Members of the Jewish Center of Teaneck voted down a controversial motion on Sunday to hold Traditional/Conservative services in the center’s smaller sanctuary and Orthodox services, in which men and women would pray divided by a mechitza, in the larger sanctuary.
In the vote’s aftermath, differing opinions among synagogue members on its outcome seemed to herald a conflict of visions for the synagogue’s future identity.
According to Eva Gans, the synagogue’s president, the majority of congregants who voted approved the motion, with 61 percent in favor. The motion was defeated, she says, because the synagogue’s constitution requires a two-thirds majority, or 67 percent vote in support, to pass a motion.
“The motion was defeated despite a huge groundswell of support,” said Gans. “I was glad to see how many people are willing to take this courageous step. Even though it might inconvenience them, they were looking toward the enhanced future of the synagogue.”
A simple majority, 59 people, voted to pass the motion, and 37 voted against it.
“When we wrote the constitution we decided to make it a larger number,” instead of a simple majority to pass a motion, she explained. “We set ourselves a very high goal.”
Rabbi Lawrence Zierler, religious leader of the synagogue, was present for the vote but left for Israel before the tally, Gans said. He could not be reached for comment.
Marilyn Bell, a longtime member and wife of A. Milton Bell, the synagogue’s former education director, spoke against the motion before the vote. Because her husband suffers from Alzheimer’s disease, she needs to sit beside him, she says, and not on the other side of a mechitza.
“My feeling is, if I can’t sit by my husband, we can’t go to shul,” she said.
Weekday morning services are now Orthodox, and it pains her that she and her husband cannot sit together when either one needs to say Kaddish because of a yahrzeit.
“I feel disenfranchised by the fact that I could not go to services early in the morning when I’d have yahrzheit … for my and my husband’s parents, because those are Orthodox services.”
Bell added, “I think the handwriting is on the wall. Now they are voting to make the larger sanctuary Orthodox and the smaller sanctuary Conservative. I feel in two years they’ll be voting to close down the Conservative section altogether.”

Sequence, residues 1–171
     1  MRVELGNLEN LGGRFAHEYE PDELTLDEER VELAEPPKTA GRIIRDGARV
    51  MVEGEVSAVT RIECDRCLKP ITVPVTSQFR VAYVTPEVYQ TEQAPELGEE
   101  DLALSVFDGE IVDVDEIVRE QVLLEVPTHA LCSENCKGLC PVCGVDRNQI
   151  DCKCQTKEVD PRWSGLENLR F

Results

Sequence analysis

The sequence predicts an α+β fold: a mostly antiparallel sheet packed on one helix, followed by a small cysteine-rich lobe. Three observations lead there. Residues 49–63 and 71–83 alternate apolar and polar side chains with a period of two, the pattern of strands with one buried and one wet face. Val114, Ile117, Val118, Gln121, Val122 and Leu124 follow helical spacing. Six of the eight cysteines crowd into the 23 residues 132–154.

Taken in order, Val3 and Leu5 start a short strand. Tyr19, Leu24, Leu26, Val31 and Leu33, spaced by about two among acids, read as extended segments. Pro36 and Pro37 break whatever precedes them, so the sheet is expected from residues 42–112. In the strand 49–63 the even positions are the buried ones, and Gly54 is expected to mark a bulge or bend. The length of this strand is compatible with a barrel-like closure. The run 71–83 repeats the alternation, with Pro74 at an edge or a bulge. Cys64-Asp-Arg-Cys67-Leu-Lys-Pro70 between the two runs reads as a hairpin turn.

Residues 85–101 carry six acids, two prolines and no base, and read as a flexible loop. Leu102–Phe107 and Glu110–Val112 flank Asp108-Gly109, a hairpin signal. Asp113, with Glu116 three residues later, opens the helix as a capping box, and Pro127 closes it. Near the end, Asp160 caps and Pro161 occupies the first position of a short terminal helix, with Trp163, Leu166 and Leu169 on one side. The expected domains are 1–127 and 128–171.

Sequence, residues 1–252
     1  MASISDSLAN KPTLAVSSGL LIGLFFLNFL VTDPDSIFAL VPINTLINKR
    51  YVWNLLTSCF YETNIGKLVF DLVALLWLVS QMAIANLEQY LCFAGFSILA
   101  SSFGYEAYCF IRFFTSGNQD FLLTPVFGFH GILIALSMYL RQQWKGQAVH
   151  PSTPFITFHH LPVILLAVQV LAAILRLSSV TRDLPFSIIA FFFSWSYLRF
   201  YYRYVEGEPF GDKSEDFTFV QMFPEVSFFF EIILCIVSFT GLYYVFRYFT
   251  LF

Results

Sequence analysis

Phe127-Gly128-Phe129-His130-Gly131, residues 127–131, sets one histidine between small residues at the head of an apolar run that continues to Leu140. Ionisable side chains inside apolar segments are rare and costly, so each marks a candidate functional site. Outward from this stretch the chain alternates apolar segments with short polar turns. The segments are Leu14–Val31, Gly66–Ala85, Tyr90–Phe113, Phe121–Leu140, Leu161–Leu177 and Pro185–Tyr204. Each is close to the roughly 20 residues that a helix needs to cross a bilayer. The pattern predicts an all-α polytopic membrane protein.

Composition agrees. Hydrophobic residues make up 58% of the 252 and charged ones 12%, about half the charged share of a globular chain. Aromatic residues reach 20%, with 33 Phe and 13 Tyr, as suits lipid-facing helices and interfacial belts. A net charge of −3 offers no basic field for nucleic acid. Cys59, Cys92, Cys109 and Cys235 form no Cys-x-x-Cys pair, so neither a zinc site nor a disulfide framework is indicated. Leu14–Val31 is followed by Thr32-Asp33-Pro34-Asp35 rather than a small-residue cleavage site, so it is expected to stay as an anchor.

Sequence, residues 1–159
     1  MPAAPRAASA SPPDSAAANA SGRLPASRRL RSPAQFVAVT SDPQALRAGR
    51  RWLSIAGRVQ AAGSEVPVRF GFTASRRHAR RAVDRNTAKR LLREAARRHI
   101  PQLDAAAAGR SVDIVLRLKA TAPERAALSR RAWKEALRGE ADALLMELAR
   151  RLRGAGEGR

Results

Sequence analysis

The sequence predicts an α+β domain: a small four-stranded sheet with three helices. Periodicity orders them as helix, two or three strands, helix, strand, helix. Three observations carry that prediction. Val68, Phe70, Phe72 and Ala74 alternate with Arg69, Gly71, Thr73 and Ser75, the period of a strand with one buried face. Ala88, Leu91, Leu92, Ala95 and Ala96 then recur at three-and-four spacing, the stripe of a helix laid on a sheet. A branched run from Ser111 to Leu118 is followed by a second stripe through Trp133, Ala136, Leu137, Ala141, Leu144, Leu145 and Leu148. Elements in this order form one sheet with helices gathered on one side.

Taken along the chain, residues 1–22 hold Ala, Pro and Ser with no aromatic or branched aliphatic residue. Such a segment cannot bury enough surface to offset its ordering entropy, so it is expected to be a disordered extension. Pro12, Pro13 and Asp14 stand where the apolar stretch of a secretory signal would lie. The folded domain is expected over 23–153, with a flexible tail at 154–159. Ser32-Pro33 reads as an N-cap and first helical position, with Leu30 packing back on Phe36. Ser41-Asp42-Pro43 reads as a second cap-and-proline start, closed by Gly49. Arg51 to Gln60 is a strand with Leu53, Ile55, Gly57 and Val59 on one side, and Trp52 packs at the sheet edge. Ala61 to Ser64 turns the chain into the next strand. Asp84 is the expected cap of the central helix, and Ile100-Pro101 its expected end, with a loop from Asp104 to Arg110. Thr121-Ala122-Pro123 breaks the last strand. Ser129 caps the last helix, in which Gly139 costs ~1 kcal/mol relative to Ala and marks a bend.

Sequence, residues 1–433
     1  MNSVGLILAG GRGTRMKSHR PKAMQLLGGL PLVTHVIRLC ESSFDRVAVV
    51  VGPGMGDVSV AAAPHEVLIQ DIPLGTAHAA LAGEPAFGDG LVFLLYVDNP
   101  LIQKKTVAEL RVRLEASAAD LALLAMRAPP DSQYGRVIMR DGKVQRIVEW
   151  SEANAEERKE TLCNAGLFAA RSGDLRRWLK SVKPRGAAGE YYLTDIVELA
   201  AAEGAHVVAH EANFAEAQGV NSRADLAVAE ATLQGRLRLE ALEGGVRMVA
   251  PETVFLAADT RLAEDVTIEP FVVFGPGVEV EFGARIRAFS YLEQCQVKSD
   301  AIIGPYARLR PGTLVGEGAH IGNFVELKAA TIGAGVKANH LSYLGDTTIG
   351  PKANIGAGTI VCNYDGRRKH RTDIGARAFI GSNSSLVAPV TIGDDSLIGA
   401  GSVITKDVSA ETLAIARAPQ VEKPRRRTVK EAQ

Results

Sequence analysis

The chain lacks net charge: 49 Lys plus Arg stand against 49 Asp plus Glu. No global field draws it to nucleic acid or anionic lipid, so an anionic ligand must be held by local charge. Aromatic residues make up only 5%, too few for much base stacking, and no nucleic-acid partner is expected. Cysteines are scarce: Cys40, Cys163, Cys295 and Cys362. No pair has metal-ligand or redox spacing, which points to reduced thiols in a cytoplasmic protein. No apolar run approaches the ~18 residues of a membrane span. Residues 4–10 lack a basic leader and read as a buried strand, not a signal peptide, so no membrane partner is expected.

Bell says she bases this prediction in part on a presentation before the vote took place.
“The fellow who gave the presentation said if we can make the whole temple Orthodox we’d have no problem filling it with members,” said Bell.
The center has had Orthodox services for many years, only without the mechitza, Gans maintained. The synagogue uses an Orthodox prayer book, she said.
Members concerned about sweeping changes should realize the mechitza is the only one expected, according to Gans.
“When [some members] say they don’t want [the center] to be an Orthodox synagogue, they mean they don’t want a mechitza – because these services have been Orthodox all along,” she said. “Nothing else would change.”
Everone interviewed by The Jewish Standard said that tensions regarding this motion have not spilled over to synagogue social life.
At kiddush following services, “Everyone gets along and no one looks at anyone else and wonders which service they prayed in,” said Gans. “A number of people go back and forth just for the fun of it.”
Bell says she feels no ill will to those supporting the mechitza and sees the conflict as a clash of visions, not as personal.
“My feeling was that if they relegated us to the smaller room where there are no memorial plaques [for our family], we would have looked for another temple,” she said, adding that for now, she and her husband are happy to remain members. “You can’t lose sight of friendship.”